• Seattle, South Lake Union Streetcar
  • Tampa, TECO Streetcar
Miscellaneous (1/7, 14%)
  • Detroit: People Mover
  • Jacksonville: Skyway
  • Las Vegas: Monorail
  • Miami: Metromover
  • Morgantown: PRT
  • Philadelphia: Norristown High Speed Line
  • Seattle: Seattle Center Monorail


kenf said...

You are missing New York, Staten Island Rapid Transit.

Matt' said...

I count it as part of NYC Subways.

The Staten Island Railway uses old R44 subway cars, has third rail power, is fully grade separated, and has high-platform boarding. Thus I count it with the rest of the NYC Subway system, whether fairly or unfairly.

I have to draw the line somewhere when listing America's transit systems. For instance, Philadelphia is home to both the Broad Street Subway and Market-Frankford Subway/Elevated. Each of these systems has unique rolling stock, though they share a common operator (SEPTA). For the purposes of this discussion, I have lumped them together. Incidentally, I have ridden both.

Philadelphia also has another heavy rail system, again with unique rolling stock. This time, however, the system has a different operator (PATCO) and I count it separately. Is this fair? You tell me.

Coming back to NYC, I don't count the IND, BMT, or IRT lines as different systems, and think it's consistent not to give special recognition to SIRT.

I certainly appreciate the comment though. Maybe I should revise my methodology?

Anonymous said...

You know, the map would be cooler if you did this:
(1) Marked the rail systems as colored "station" dots, with multicolored dots for multiple systems (special notation when one systems run between two cities)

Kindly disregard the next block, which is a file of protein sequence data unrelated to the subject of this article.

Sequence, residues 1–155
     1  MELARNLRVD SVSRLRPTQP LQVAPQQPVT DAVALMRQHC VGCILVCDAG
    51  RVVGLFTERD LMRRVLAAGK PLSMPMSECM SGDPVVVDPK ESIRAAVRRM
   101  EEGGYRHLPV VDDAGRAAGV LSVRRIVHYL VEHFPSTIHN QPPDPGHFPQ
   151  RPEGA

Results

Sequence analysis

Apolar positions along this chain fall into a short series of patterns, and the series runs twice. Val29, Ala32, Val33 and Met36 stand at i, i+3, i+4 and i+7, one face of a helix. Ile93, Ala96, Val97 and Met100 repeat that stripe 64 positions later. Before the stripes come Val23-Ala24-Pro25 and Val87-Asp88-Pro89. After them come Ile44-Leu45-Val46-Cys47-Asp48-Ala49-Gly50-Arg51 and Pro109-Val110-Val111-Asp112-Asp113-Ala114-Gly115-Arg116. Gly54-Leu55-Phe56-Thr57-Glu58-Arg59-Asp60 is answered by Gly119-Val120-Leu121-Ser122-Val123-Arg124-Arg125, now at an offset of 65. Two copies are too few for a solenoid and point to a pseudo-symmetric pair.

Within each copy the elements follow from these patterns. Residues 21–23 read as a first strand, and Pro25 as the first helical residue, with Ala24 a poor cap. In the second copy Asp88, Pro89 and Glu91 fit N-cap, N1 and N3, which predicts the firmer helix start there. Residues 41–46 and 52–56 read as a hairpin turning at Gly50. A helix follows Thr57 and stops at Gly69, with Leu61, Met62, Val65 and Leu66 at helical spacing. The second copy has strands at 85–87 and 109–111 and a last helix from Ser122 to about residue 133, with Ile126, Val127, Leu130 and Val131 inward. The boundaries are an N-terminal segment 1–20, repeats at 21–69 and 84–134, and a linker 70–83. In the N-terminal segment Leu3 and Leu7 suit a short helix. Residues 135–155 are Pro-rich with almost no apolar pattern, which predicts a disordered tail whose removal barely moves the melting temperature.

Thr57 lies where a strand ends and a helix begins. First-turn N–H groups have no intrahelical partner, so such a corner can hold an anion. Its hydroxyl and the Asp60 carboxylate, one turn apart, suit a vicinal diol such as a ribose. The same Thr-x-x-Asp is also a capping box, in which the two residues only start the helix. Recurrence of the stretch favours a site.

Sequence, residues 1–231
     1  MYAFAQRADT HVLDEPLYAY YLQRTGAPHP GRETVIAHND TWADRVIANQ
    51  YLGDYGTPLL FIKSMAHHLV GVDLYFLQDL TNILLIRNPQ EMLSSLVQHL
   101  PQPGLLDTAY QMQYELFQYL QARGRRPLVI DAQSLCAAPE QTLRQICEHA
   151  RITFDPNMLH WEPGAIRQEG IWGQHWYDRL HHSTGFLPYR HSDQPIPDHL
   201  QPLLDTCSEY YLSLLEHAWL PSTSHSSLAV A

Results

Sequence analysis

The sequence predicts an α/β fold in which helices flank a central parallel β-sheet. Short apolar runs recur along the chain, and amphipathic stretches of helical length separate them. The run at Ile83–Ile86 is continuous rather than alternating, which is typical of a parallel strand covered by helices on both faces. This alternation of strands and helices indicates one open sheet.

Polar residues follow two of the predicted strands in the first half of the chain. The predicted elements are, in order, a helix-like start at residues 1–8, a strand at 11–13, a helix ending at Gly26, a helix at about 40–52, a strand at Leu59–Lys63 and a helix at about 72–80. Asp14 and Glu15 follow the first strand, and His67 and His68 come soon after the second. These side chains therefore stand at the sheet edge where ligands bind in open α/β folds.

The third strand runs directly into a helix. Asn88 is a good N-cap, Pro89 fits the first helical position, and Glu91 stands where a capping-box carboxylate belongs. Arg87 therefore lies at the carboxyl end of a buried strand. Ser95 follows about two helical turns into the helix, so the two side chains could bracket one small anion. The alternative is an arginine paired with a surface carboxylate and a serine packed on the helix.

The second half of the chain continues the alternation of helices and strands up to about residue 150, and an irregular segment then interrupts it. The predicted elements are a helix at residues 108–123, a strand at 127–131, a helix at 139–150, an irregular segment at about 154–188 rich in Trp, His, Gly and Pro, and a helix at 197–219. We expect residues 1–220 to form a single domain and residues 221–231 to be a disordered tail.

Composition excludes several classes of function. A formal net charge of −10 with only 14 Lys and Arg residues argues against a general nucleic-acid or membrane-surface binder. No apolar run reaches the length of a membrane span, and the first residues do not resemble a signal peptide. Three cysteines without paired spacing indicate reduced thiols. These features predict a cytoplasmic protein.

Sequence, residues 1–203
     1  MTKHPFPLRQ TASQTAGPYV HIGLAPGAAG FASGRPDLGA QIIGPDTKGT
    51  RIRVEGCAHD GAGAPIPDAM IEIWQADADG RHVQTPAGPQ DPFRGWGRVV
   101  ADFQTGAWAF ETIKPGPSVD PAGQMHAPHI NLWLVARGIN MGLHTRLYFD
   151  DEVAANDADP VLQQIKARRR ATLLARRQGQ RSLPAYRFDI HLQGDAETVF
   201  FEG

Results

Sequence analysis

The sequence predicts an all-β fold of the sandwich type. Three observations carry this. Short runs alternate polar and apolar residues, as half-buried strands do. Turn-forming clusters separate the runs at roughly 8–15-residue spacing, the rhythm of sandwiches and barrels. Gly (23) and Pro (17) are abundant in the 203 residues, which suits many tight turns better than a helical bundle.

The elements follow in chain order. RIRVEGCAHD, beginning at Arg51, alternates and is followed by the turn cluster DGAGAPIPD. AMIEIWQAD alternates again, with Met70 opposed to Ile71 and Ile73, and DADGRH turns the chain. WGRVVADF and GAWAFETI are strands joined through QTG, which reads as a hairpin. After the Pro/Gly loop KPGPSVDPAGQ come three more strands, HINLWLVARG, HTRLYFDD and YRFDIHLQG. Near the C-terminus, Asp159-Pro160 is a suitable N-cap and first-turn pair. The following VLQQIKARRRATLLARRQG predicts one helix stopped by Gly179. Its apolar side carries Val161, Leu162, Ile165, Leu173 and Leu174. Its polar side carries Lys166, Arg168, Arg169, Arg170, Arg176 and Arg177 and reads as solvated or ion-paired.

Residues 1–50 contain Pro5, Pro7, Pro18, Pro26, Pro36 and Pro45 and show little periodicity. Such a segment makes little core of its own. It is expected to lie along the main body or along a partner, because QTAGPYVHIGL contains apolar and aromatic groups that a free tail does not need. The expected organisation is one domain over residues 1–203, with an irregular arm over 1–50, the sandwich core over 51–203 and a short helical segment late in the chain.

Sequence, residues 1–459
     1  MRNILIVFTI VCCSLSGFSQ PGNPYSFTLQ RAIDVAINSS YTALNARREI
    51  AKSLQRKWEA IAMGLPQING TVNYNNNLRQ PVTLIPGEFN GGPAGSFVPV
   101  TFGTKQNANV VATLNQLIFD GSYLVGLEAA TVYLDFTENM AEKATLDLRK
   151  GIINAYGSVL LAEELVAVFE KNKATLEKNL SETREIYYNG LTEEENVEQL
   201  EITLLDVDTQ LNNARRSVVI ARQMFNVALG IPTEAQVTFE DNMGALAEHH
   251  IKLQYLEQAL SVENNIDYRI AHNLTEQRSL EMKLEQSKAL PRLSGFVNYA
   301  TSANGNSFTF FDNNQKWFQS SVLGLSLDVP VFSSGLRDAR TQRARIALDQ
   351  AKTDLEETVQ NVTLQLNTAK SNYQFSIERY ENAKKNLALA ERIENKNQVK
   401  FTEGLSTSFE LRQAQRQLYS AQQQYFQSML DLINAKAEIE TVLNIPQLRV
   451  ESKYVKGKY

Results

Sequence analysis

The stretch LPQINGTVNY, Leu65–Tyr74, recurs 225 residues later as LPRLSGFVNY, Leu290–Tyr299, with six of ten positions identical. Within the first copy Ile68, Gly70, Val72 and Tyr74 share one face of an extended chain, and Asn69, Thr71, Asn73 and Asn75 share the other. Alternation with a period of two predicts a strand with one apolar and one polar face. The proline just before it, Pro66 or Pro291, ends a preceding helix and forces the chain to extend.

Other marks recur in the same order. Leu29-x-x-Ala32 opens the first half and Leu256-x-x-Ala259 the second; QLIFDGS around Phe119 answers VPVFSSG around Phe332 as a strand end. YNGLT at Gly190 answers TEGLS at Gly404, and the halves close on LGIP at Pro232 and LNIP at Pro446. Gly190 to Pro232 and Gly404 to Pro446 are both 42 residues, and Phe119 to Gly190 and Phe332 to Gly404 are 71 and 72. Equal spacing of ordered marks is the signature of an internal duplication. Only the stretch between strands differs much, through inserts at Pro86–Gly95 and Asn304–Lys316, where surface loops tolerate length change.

(2) Connected the systems according to their Amtrak connections.

Would be interesting.

I think SIRT should count separately because it's disconnected from the NYC subway system (you have to take the Staten Island Ferry to get there). PATCO, however, is really functionally not separate from SEPTA even if it has a separate operator; they have a joint station and PATCO leases tunnels and tracks from SEPTA. Whether to count PATH as seperate from the NYC subway system is tricky.

davistrain said...

I can relate to your quest--when I retired in 2005 one of the reasons I gave was that having a "day job" made it harder to ride electric railway lines. Should you have a chance to visit Southern Calif., send me an e-mail (davistrain 'at' if you'd like to have advice from a "native guide"--I date back to the Pacific Electric days.
Bob Davis
San Gabriel CA

davistrain said...

You might want to change the Chicago entry of "North Shore". Most likely you mean "South Shore"/NICTD. North Shore (CNS&M) was abandoned in 1964. Several of its interurban cars have been preserved in various railway museums, and a few miles survive at the CTA "Skokie Swift" line.

Matt' said...

Quite right. Thanks for noticing it. I alternate between calling it the Northern Indiana Interurban and the South Shore Line. In this case I suppose I inadvertently split the difference.